Luke Johnson pointed to the relevance of the recent AssetCo case, in which Grant Thornton was ordered to pay the AIM-listed company £21m over a negligence claim.
"The Assetco case has possible relevance for a claim against them [Grant Thornton] as Patisserie Holdings’ auditors,” he said.
This investigation followed the discovery of a £40m black hole in Patisserie Valerie’s accounts that eventually led to the chain falling into administration earlier last month.
Last week, potential Patisserie Valerie buyers were reportedly told by administrator KPMG that the company's accounts contained unreliable information dating back to 2014.
“Johnson’s position as probably the largest creditor makes him best placed to push the administrators to take action,” said Christopher Boxall, co-founder of Fundamental Asset Management, which invests in Patisserie Valerie.
“However, the administrators will probably also be looking to take action against the directors as well, making for a unique scenario,” he added.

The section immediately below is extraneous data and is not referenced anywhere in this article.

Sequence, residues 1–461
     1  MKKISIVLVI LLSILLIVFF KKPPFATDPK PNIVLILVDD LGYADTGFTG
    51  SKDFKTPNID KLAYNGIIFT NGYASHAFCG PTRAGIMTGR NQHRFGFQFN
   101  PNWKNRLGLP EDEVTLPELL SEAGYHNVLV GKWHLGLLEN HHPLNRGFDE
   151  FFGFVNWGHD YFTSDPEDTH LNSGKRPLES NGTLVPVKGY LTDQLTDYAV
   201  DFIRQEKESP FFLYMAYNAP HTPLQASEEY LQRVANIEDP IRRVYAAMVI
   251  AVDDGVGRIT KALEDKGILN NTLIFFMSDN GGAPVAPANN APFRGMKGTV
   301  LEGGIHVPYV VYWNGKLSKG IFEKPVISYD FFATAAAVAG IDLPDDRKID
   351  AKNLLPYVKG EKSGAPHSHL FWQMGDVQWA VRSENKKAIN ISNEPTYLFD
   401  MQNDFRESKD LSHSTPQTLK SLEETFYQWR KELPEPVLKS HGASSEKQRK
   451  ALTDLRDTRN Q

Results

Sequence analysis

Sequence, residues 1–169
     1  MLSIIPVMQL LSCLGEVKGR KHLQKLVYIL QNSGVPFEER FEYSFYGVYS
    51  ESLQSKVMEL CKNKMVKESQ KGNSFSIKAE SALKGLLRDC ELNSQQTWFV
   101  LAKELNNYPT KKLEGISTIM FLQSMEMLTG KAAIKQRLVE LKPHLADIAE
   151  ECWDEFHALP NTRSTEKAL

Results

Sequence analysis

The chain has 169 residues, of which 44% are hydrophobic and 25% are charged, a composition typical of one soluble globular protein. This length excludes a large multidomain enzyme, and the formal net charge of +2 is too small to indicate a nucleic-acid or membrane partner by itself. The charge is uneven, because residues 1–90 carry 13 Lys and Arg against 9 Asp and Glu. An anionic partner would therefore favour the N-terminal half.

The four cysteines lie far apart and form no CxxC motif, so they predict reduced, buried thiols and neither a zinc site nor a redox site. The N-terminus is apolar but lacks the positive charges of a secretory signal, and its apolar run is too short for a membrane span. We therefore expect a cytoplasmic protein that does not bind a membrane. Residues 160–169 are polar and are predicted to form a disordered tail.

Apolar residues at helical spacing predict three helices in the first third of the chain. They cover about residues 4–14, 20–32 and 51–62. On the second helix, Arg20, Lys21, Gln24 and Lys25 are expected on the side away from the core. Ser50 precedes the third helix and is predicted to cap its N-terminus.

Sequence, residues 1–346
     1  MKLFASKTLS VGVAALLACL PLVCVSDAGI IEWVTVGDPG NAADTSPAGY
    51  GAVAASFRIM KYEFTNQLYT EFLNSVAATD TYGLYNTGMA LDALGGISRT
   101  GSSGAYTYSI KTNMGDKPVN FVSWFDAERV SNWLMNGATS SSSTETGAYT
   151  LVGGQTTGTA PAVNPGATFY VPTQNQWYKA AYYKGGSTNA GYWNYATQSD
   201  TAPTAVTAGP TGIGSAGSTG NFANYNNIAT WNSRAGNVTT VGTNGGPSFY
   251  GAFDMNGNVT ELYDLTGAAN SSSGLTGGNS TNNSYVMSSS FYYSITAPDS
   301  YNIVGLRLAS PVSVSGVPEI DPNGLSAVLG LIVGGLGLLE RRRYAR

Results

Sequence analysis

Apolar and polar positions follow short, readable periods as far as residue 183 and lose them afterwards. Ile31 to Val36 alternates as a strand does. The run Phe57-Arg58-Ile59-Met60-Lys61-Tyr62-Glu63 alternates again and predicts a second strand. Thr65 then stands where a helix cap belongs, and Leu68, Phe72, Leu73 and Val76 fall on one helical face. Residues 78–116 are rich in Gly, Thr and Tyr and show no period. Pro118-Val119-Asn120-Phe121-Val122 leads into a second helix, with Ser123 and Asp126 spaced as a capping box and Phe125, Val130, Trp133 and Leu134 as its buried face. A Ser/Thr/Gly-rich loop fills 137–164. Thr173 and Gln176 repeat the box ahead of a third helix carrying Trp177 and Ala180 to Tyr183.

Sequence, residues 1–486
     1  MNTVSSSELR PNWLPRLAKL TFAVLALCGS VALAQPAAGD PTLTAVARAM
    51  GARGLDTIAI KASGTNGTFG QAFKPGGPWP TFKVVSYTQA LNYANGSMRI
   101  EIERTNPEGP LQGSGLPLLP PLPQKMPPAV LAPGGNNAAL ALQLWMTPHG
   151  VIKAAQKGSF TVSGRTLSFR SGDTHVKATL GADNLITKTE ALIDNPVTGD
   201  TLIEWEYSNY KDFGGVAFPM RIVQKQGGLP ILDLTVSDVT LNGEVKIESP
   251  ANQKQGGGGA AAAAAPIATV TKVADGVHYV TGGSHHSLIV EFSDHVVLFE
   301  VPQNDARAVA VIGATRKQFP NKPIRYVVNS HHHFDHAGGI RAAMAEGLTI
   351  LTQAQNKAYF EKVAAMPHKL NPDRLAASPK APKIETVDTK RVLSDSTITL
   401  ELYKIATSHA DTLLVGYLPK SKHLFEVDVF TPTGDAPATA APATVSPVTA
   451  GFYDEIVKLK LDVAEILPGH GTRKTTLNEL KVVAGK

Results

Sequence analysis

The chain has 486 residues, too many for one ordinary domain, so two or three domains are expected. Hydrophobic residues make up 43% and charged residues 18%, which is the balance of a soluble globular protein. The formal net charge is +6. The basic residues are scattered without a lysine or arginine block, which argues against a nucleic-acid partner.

Last week, reports emerged that a group of shareholders and wealth managers were considering a group action against the café chain, focused around inaccurate information provided in RNS announcements.
At the time Philip Rubens, partner at Teacher Stern, the law firm undertaking the action, said he would not yet be ruling out including Grant Thornton in this action.
Separately, concerns have been raised over the “cosy” relationship between Patisserie Valerie, Johnson and administrators KPMG.
Boxall said that, having discussed the subject of legal action with various lawyers, he thought it would be difficult for a group of smaller shareholders to coordinate a direct claim against the auditors Grant Thornton, or the board.
Any such action, he said, would require support of at least one large institutional holder, which might prefer to take on an individual case itself.
“The administrators to [parent company Patisserie Holdings] will need to obtain funding to carry this through, which will come at a high price,” Boxall added.
Meanwhile, when speaking to the Business, Energy and Industrial Strategy Committee during its inquiry into the future of audit in the UK last week, Grant Thornton CEO David Dunckley said that the auditor “is not looking for fraud”.
Grant Thornton is not commenting. Luke Johnson has been contacted for comment.